• Update your operating system, web browser, and other software regularly: Check for updates weekly or monthly, and install them as soon as possible.

5. Be Careful What You Share Online

Once you share something online, it’s almost impossible to completely delete it. Be careful about what personal information you share on social media, public forums, and other online platforms.

  • Think before you post: Ask yourself if you would be comfortable sharing this information with everyone you know, including potential employers, landlords, or even future family members.
  • Be mindful of your privacy settings: Most social media platforms allow you to control who can see your posts and information. Review your privacy settings regularly and adjust them as needed.
  • Beware of oversharing: Avoid sharing your home address, phone number, birthdate, or other sensitive information online.

6. Use a Secure Wi-Fi Connection (Continued)

  • Avoid accessing sensitive information: Don’t check your bank account, online banking, or other sensitive accounts while connected to public Wi-Fi. If you absolutely need to access sensitive information, use a VPN (virtual private network) to encrypt your traffic.
  • Connect to a trusted network: If possible, connect to a Wi-Fi network that you know is secure, such as your home network or a network at a trusted business.
  • Use a VPN for extra security: A VPN encrypts your data and routes it through a secure server, making it much harder for hackers to intercept your information. This is especially important when using public Wi-Fi.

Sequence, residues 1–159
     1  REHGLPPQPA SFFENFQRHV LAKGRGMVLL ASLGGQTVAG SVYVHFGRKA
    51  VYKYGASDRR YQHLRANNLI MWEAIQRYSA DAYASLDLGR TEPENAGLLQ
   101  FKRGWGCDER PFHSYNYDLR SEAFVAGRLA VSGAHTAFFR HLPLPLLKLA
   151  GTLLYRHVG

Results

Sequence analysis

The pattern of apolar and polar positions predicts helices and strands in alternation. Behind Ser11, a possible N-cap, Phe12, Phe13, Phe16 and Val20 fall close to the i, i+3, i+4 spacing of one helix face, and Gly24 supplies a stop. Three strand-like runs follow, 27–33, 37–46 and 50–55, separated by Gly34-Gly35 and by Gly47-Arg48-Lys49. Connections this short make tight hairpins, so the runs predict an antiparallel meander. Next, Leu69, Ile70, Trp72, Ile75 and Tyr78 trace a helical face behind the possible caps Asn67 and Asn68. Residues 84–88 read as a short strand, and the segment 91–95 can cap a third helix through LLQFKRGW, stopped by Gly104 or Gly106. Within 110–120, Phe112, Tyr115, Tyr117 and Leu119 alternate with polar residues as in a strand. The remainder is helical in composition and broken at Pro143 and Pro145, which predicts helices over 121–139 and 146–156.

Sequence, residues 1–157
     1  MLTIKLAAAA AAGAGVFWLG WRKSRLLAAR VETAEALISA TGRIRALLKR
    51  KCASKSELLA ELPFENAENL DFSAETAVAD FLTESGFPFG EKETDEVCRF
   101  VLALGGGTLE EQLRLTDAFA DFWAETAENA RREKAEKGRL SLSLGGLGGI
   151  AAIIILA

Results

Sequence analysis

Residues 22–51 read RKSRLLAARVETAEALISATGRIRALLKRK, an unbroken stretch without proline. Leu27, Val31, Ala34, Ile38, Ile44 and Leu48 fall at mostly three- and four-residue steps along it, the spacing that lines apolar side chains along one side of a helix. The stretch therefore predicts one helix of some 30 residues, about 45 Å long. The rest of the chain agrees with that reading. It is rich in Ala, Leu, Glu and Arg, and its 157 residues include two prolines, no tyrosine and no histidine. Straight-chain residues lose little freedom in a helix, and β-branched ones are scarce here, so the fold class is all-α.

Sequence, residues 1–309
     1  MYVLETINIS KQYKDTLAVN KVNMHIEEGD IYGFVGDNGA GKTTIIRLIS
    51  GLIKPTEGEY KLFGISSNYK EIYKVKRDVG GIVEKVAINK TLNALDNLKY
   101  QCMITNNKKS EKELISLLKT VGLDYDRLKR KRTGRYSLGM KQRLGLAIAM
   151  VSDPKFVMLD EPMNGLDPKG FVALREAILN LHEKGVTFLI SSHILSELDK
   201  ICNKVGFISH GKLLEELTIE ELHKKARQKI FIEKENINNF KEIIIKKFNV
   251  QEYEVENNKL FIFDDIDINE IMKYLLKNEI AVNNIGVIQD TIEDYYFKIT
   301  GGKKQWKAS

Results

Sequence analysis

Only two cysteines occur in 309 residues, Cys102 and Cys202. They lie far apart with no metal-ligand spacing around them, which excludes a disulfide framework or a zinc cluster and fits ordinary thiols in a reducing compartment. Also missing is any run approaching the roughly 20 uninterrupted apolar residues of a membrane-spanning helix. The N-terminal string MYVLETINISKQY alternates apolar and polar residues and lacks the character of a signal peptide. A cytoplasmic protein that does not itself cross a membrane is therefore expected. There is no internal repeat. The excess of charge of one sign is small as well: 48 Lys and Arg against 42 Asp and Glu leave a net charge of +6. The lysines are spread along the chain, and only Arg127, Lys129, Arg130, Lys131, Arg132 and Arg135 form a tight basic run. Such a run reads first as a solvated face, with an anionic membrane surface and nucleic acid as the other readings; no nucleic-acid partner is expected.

7. Be Cautious of Social Engineering Attacks

Social engineering attacks rely on human psychology to trick you into giving up personal information or clicking on malicious links. Here are some common social engineering tactics:

  • Phishing emails and text messages (as discussed earlier):
  • Imposter scams: Someone pretends to be from a legitimate organization, such as your bank or the government, and tries to get you to provide personal information or financial details.
  • Baiting: Hackers tempt you with something you want, such as a free gift or a discount, to get you to click on a malicious link or download malware.

8. Install Security Software

Installing antivirus and anti-malware software on your devices can help to protect you from malware and other online threats.

9. Back Up Your Data Regularly

In case of a cyberattack or a device failure, it’s important to have a backup of your important data. This way, you won’t lose your files, photos, or other important information.

10. Be Aware of Public Computers

Public computers, such as those in libraries or internet cafes, can be vulnerable to malware and keyloggers. Avoid using them for sensitive activities, such as online banking or shopping. If you must use a public computer, be sure to log out of all your accounts and clear the browser history when you’re finished.

11. Keep Your Social Media Accounts Secure

Use strong passwords for your social media accounts, and be careful about what information you share. Avoid posting personal information that could be used for identity theft, such as your home address or birthdate.

12. Stay Informed About Cybersecurity Threats

Educate yourself about the latest cybersecurity threats and how to protect yourself. There are many resources available online, such as websites and blogs, that can provide you with valuable information.